With ridership at record highs, "it's been a violent year" on state roads, with 10 deaths in August alone, public safety officials said.
Minnesota is seeing a surge in motorcycle deaths this year -- including five riders killed in the past seven days.
The most recent fatality occurred Wednesday at about 8:30 p.m., when a motorcyclist hit a slow-moving farm tractor on southbound Hwy. 10, about halfway between Sauk Rapids and Rice, according to the State Patrol. John R. Mihlbauer, 45, of St. Cloud, died at the scene. He wasn't wearing a helmet.
Mihlbauer was the eighth motorcycle rider to die this month and the 47th to die this year. With more than three months left in 2012, the number of fatalities this year already has surpassed the 42 fatalities for all of last year. August was the deadliest month, when 10 riders were killed.
"This spike in rider deaths reflects how preventable mistakes and lack of attention can wipe out a life and rip families apart," said Bill Shaffer of the Department of Public Safety (DPS) Motorcycle Safety Center. "It's been a violent year on the road for motorcyclists, and it's up to both riders and drivers to reduce these tragedies."
Year in and year out, factors in motorcycle deaths tend to be rider error, alcohol use and motorists' failure to yield, the DPS said.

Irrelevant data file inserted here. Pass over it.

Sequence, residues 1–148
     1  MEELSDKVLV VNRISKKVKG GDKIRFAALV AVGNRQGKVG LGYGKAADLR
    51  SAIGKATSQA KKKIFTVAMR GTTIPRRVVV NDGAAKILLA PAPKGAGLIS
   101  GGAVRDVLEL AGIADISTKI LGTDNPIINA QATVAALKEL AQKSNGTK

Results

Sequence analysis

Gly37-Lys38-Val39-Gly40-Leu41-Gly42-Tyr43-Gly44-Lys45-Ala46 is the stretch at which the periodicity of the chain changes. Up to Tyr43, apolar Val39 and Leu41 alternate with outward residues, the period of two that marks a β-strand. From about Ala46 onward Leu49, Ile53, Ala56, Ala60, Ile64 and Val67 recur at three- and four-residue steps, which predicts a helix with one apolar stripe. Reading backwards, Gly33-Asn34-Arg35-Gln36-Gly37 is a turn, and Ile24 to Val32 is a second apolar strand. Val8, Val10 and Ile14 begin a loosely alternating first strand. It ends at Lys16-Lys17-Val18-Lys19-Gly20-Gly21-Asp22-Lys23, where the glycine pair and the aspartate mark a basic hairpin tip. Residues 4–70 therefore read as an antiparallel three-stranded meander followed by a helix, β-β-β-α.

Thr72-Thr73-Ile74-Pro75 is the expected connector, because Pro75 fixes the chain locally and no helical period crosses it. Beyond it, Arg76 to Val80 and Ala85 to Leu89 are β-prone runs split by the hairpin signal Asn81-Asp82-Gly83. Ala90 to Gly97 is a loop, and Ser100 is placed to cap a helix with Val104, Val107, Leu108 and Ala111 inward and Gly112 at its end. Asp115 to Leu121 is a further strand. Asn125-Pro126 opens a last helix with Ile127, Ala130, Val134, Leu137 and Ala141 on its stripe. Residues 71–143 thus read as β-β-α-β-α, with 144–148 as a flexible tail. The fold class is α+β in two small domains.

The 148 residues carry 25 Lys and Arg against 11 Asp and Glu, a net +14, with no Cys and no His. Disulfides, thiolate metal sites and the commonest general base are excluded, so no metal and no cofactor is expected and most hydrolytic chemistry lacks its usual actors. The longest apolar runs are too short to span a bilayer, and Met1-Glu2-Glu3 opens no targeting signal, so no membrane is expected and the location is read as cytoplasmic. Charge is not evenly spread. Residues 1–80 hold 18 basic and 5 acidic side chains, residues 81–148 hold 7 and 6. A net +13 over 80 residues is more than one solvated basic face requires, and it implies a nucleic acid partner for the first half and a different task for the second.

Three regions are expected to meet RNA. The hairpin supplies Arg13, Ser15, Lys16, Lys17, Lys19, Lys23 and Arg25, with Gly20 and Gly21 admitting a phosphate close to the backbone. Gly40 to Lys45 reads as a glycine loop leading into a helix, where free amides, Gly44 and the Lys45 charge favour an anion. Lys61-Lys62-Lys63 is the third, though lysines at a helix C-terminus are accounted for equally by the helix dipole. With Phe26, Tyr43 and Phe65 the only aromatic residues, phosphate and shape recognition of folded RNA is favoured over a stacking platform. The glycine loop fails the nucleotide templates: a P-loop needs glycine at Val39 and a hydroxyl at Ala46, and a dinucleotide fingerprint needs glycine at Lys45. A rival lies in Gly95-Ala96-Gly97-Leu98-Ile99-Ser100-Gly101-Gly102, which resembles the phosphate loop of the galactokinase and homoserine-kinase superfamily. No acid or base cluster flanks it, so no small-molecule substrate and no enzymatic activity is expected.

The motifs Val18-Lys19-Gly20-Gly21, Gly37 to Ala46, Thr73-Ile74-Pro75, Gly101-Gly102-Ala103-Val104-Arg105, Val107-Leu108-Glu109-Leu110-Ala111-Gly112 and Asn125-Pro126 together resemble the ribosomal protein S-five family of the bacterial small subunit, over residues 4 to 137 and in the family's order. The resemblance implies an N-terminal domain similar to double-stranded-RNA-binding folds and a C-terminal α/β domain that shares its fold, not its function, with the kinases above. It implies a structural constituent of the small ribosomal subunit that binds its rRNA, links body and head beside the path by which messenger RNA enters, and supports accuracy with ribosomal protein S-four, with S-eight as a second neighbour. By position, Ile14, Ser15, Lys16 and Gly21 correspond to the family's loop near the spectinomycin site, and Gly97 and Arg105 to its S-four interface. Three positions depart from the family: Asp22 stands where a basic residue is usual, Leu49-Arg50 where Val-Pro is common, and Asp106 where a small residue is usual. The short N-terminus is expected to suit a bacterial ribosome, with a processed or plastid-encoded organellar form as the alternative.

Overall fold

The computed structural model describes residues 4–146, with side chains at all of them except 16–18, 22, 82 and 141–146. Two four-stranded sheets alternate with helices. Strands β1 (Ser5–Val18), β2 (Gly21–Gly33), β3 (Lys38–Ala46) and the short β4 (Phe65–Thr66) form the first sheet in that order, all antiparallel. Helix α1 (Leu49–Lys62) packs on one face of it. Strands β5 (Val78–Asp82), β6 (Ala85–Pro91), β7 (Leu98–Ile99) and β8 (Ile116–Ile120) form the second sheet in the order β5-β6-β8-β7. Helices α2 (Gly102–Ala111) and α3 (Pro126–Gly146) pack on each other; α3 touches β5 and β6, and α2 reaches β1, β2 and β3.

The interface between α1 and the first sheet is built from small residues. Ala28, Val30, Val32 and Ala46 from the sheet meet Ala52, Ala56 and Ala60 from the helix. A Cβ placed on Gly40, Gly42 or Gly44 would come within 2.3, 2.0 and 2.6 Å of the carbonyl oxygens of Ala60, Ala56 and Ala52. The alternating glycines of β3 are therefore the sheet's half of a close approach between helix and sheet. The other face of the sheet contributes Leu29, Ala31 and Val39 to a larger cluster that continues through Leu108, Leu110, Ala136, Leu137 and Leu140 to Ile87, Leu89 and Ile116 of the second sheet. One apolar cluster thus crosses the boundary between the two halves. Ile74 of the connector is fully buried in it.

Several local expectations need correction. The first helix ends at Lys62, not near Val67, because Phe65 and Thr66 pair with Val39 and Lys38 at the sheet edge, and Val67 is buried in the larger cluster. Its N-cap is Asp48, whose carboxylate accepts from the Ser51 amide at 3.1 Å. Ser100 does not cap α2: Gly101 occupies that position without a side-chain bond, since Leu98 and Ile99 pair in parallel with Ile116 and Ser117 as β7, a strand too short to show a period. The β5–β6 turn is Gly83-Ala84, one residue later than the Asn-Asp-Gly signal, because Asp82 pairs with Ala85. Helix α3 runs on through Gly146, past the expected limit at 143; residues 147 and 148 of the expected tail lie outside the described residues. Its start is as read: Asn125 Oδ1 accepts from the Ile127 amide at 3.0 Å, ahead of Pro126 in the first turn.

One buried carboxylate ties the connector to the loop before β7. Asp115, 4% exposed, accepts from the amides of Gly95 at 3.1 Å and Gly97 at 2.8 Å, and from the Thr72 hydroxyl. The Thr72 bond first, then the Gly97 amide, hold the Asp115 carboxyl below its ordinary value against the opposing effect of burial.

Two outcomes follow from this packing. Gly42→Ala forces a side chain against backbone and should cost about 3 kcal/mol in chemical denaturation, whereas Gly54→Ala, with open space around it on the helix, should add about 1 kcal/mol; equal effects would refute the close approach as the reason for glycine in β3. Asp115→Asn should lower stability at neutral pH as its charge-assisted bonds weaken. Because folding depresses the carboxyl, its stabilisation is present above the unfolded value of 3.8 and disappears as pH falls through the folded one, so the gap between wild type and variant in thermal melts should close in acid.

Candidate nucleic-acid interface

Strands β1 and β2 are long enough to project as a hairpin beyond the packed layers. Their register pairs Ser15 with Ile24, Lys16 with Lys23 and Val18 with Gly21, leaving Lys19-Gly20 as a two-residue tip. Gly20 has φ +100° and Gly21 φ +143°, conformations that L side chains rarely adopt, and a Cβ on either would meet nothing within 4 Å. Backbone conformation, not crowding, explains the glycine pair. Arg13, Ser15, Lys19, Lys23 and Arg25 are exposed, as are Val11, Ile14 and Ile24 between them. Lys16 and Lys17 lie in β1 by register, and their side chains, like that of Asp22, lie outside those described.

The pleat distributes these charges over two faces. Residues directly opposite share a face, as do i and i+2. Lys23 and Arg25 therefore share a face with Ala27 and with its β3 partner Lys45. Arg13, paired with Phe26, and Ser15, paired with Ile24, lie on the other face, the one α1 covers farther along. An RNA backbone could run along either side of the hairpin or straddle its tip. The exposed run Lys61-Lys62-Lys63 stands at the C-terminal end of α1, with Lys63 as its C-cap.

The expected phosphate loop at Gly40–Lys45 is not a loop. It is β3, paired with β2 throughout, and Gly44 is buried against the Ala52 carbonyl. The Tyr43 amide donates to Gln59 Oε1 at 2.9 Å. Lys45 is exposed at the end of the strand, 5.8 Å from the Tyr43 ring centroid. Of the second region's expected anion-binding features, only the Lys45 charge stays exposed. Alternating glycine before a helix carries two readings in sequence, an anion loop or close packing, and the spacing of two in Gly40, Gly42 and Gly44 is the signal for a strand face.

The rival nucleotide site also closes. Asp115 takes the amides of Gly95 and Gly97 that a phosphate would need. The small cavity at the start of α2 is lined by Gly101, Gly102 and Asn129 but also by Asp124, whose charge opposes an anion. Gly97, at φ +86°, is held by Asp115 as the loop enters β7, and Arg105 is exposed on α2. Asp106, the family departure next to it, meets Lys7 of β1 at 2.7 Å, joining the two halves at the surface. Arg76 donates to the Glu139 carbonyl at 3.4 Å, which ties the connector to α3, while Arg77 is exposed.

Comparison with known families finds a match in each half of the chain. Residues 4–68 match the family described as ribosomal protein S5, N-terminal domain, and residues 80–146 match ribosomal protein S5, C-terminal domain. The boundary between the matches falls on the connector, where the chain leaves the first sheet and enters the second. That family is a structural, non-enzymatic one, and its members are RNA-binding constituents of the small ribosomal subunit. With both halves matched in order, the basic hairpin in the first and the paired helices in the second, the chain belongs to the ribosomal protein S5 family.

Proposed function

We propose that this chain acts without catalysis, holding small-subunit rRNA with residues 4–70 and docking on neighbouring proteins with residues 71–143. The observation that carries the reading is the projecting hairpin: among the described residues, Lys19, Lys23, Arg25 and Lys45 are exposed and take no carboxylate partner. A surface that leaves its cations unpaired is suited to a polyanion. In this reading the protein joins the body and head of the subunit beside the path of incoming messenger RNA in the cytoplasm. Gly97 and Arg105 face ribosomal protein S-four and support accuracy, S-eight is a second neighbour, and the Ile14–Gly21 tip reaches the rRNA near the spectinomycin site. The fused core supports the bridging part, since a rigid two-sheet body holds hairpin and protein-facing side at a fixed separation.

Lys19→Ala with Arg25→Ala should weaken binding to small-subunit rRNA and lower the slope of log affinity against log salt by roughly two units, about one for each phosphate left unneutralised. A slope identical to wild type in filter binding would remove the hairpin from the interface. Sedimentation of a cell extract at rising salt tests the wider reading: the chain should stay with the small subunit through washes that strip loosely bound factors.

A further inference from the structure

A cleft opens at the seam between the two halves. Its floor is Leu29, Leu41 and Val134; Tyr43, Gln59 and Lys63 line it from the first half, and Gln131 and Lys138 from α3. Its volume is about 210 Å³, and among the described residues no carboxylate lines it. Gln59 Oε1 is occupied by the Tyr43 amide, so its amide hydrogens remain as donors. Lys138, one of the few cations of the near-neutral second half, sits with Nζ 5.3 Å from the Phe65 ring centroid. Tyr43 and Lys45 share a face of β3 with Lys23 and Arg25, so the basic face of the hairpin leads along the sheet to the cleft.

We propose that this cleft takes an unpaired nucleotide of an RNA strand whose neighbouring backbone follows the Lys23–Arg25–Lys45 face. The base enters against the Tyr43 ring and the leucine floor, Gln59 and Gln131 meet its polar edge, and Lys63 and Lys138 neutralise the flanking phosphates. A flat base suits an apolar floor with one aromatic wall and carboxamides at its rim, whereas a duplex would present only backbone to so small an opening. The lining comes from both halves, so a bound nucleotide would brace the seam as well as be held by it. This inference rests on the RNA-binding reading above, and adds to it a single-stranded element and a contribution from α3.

According to state statistics, motorcycle ridership is at record-high levels with more than 230,000 registered motorcycles and nearly 400,000 licensed operators. Public safety officials urged all riders to take advantage of state programs to hone their skills and reduce the number of fatal accidents.
Funded by a portion of motorcycle license fees, the Motorcycle Safety Center conducts safety education, testing and licensing programs, including rider training classes at 31 Minnesota State Colleges and Universities campuses.
The number of motorcycle fatalities has fluctuated over the years, setting a record in 1980 when 121 riders died. In 2002, 47 motorcyclists died compared with a 24-year-record high of 72 in 2008.
Public safety officials say this year's rise in fatalities could be the result of having more riders on the roads as well as a warm spring that enticed them out earlier. The first motorcycle death was in March.
As autumn approaches, motorcyclists will need to also watch for deer. Public safety officials advise motorcyclists to avoid riding at dusk. For those who encounter a deer, public officials advise stopping quickly. "If impact seems imminent, release the brakes just prior to impact and try to swerve around the deer," officials said. Deer-motorcycle crashes resulted in five of last year's 42 deaths.
Paul Walsh 612-673-4482